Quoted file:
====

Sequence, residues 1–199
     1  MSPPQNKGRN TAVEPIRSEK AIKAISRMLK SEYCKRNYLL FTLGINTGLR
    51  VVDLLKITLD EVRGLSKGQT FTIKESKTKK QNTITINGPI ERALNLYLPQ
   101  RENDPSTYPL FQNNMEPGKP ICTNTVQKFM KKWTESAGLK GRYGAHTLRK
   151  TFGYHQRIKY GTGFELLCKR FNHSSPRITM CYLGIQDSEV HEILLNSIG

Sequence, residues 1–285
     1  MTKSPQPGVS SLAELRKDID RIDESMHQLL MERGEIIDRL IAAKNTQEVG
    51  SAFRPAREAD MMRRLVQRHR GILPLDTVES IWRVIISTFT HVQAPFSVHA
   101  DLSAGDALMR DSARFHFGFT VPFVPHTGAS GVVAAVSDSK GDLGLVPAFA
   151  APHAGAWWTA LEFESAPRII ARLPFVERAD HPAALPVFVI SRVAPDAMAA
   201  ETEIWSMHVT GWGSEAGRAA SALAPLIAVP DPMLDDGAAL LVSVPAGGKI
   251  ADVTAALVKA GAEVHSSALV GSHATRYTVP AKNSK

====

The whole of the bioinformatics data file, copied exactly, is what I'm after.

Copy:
Sequence, residues 1–199
     1  MSPPQNKGRN TAVEPIRSEK AIKAISRMLK SEYCKRNYLL FTLGINTGLR
    51  VVDLLKITLD EVRGLSKGQT FTIKESKTKK QNTITINGPI ERALNLYLPQ
   101  RENDPSTYPL FQNNMEPGKP ICTNTVQKFM KKWTESAGLK GRYGAHTLRK
   151  TFGYHQRIKY GTGFELLCKR FNHSSPRITM CYLGIQDSEV HEILLNSIG

Sequence, residues 1–285
     1  MTKSPQPGVS SLAELRKDID RIDESMHQLL MERGEIIDRL IAAKNTQEVG
    51  SAFRPAREAD MMRRLVQRHR GILPLDTVES IWRVIISTFT HVQAPFSVHA
   101  DLSAGDALMR DSARFHFGFT VPFVPHTGAS GVVAAVSDSK GDLGLVPAFA
   151  APHAGAWWTA LEFESAPRII ARLPFVERAD HPAALPVFVI SRVAPDAMAA
   201  ETEIWSMHVT GWGSEAGRAA SALAPLIAVP DPMLDDGAAL LVSVPAGGKI
   251  ADVTAALVKA GAEVHSSALV GSHATRYTVP AKNSK